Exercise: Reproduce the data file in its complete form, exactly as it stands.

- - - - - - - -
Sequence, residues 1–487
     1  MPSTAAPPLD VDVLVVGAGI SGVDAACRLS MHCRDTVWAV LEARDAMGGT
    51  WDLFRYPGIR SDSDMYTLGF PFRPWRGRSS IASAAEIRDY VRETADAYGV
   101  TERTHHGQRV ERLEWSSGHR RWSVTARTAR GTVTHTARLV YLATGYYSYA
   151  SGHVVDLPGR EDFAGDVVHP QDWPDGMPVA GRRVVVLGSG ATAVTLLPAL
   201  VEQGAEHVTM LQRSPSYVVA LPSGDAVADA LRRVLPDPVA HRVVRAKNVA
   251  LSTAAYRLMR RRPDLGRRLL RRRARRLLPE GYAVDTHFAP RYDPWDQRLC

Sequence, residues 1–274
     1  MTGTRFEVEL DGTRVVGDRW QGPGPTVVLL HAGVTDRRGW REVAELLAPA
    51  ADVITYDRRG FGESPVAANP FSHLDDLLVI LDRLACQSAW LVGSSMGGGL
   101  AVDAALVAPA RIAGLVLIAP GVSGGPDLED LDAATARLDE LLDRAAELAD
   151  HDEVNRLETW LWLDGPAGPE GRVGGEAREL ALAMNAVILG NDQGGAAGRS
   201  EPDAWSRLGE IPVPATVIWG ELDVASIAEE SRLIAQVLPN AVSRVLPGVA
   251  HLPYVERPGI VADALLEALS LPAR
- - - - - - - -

Sequence, residues 1–487
     1  MPSTAAPPLD VDVLVVGAGI SGVDAACRLS MHCRDTVWAV LEARDAMGGT
    51  WDLFRYPGIR SDSDMYTLGF PFRPWRGRSS IASAAEIRDY VRETADAYGV
   101  TERTHHGQRV ERLEWSSGHR RWSVTARTAR GTVTHTARLV YLATGYYSYA
   151  SGHVVDLPGR EDFAGDVVHP QDWPDGMPVA GRRVVVLGSG ATAVTLLPAL
   201  VEQGAEHVTM LQRSPSYVVA LPSGDAVADA LRRVLPDPVA HRVVRAKNVA
   251  LSTAAYRLMR RRPDLGRRLL RRRARRLLPE GYAVDTHFAP RYDPWDQRLC

Sequence, residues 1–274
     1  MTGTRFEVEL DGTRVVGDRW QGPGPTVVLL HAGVTDRRGW REVAELLAPA
    51  ADVITYDRRG FGESPVAANP FSHLDDLLVI LDRLACQSAW LVGSSMGGGL
   101  AVDAALVAPA RIAGLVLIAP GVSGGPDLED LDAATARLDE LLDRAAELAD
   151  HDEVNRLETW LWLDGPAGPE GRVGGEAREL ALAMNAVILG NDQGGAAGRS
   201  EPDAWSRLGE IPVPATVIWG ELDVASIAEE SRLIAQVLPN AVSRVLPGVA
   251  HLPYVERPGI VADALLEALS LPAR